Photo Credit: Jennie Anne Benigas



May 2016

“To look technically at a poem is like picking the wings off a butterfly…No one need assume that technique defines a poem. Something in every good work of art defies definition.” John Ciardi, in the Introduction to How Does a Poem Mean?





Dear Reader,

Last October, I came across a poem so stunning in its language and images that I reached for my special notebook, which is dedicated to holding these treasures. I can’t explain why the poem bowled me over, spun me around and laid me out. It just did, so I copied it onto a blank page, word for word.

A poem needn’t be over-explained or analyzed, at least not at first. It’s up to the reader to discover it, approach quietly, walk in, then surrender and inhabit the lines. Reading this poem again recently, I was grateful for the way it consoled me.

The poem was written by William Jay Smith (1918-2015). When I looked him up on the Poetry Foundation website, I learned that he was a friend of Stanley Kunitz’s. Why wasn’t I surprised? The poetry world is small and wondrous.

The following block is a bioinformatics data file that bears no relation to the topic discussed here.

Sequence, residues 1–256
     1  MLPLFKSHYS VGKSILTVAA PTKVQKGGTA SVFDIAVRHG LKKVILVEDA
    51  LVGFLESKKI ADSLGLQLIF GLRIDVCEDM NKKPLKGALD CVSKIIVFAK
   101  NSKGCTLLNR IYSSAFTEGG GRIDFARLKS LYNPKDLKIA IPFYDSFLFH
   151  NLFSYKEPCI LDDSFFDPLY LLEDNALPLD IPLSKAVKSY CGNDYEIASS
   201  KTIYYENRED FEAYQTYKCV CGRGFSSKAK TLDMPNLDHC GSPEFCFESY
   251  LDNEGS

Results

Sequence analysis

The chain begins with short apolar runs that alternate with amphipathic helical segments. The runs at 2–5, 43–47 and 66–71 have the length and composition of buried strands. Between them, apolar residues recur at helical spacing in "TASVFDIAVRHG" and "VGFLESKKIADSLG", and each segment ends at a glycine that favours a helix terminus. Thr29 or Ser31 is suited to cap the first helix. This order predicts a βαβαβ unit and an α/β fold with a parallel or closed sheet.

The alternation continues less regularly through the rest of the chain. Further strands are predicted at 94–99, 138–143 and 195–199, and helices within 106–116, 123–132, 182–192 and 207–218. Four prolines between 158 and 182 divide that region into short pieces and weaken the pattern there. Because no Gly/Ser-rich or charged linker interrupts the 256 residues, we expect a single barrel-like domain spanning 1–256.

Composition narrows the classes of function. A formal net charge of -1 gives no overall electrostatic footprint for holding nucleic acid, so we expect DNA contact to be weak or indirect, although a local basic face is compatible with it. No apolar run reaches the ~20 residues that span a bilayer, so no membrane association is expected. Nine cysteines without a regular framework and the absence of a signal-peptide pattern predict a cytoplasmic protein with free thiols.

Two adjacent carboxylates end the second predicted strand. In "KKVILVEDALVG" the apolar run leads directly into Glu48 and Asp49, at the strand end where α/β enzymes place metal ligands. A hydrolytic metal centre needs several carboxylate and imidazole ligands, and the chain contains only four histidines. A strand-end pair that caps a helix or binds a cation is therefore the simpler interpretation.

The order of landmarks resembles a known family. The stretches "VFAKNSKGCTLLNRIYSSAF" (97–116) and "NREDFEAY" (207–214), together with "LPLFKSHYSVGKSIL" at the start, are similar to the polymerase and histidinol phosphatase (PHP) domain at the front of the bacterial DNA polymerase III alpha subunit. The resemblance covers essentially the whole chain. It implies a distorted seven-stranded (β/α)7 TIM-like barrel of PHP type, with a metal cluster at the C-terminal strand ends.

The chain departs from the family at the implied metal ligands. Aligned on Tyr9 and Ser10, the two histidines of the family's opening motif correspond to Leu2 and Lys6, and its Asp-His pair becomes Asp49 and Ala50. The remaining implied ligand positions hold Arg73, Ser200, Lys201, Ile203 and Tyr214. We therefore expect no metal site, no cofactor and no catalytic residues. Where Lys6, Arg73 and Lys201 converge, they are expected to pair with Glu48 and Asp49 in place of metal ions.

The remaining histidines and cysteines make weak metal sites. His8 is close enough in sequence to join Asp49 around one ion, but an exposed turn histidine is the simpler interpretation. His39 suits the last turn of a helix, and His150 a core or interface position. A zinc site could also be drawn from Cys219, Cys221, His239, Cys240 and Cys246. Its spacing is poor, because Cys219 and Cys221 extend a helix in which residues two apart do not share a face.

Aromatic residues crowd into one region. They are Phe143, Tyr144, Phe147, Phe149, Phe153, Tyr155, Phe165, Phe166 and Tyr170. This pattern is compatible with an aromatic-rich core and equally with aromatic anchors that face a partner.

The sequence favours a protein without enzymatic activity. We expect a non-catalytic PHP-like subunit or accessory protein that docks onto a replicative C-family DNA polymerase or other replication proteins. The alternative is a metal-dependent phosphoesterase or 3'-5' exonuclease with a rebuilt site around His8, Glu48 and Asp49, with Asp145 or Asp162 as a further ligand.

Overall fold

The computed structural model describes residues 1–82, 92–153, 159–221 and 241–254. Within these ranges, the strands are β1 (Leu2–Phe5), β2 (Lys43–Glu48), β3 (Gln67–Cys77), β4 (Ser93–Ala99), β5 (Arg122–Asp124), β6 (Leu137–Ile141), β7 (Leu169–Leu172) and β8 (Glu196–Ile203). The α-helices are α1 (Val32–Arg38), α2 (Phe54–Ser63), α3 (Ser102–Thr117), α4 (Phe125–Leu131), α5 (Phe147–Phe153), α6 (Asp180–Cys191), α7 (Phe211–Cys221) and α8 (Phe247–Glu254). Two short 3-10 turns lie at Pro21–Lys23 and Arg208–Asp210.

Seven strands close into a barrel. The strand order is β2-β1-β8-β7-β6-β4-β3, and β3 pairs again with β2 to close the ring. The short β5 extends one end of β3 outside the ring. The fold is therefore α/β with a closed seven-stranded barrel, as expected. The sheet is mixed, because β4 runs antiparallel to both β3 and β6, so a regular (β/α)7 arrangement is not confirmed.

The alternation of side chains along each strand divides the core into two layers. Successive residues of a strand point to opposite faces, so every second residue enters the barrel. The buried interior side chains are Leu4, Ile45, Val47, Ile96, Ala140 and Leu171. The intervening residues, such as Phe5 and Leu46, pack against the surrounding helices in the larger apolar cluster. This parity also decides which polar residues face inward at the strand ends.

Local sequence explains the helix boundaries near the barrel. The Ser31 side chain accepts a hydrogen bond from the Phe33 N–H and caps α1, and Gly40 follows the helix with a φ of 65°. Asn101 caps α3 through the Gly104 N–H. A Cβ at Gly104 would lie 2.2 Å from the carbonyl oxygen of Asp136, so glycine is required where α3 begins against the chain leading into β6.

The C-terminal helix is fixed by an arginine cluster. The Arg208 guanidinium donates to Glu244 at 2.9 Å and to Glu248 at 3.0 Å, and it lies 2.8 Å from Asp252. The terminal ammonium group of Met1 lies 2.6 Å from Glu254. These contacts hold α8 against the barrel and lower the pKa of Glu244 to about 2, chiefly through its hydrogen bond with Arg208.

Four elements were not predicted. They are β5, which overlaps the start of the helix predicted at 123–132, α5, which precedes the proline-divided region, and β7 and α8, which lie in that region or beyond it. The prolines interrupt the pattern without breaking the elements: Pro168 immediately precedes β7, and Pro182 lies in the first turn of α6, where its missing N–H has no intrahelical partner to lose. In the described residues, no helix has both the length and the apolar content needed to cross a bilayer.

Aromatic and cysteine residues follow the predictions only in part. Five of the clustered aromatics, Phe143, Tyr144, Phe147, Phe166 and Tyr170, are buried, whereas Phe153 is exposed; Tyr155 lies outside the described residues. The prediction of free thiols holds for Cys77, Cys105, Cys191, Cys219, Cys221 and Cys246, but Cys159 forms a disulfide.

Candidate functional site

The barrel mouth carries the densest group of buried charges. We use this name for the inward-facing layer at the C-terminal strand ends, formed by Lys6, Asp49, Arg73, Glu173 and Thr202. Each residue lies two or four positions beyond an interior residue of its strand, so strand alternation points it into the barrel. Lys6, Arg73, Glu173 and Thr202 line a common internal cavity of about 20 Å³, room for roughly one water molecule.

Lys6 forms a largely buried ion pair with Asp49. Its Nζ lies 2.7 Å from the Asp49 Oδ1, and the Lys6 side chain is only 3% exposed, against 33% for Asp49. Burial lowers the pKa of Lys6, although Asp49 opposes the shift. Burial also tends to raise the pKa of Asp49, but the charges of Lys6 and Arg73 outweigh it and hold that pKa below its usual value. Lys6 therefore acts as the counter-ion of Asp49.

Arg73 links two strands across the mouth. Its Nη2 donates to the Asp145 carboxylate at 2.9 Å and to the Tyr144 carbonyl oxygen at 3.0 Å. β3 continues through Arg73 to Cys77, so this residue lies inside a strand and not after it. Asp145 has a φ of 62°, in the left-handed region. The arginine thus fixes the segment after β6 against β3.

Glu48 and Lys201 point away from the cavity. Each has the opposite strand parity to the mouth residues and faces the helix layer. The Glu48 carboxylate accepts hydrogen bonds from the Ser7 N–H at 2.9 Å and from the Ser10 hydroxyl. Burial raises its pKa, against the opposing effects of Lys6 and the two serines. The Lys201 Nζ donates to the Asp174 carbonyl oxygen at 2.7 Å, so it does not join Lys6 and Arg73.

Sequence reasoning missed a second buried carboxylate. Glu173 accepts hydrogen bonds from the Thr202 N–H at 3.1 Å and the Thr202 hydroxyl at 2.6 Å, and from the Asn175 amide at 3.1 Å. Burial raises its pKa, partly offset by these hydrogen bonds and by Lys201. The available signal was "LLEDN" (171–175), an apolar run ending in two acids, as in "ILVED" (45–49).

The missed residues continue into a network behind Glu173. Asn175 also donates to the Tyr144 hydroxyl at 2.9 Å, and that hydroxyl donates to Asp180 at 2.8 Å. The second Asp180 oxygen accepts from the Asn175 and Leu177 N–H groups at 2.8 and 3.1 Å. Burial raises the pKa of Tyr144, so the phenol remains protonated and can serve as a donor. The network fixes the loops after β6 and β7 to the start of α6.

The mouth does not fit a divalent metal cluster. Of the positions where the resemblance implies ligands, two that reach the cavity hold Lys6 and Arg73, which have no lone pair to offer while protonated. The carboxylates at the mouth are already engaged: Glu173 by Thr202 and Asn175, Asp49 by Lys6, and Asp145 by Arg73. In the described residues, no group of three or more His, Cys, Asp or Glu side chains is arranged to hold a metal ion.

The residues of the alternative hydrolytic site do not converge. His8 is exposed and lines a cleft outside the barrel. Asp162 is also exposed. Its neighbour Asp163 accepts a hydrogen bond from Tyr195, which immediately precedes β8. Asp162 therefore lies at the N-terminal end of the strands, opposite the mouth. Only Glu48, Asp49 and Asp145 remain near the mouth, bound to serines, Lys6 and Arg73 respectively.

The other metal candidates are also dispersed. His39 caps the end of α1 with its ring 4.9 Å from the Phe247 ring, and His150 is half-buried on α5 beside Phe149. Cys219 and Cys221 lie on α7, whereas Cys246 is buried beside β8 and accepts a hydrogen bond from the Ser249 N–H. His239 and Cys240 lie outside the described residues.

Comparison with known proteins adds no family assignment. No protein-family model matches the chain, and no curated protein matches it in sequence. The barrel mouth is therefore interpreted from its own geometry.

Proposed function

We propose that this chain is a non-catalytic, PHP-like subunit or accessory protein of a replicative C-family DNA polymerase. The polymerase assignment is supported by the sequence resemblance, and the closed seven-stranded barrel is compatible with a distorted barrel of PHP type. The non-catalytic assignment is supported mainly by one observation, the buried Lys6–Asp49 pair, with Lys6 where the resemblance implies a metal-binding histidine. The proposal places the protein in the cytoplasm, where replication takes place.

He took the universe into his room
And shut the door;
Planets circled round his wall,
Stars along the floor
Rose and fell with the grave, slow-breathing dark;
Comets swam like the teeth of the swimming shark,
Beams of oak had monstrous ears,
And jackal’s bark.

Sea birds came from distant
Islands, frigates, terns
Preened in the low revolving light
Their sea-bright feathers, wheeling,
Crying, darting down
Toward flickering shoals
Through the long night.

Past and future, two lean panthers
Black as coal,
Paced out the limits of his brain,
His life’s veined ore;
And he could see
Gates opening before him quietly
Upon a rose-banked carriage waiting in the rain.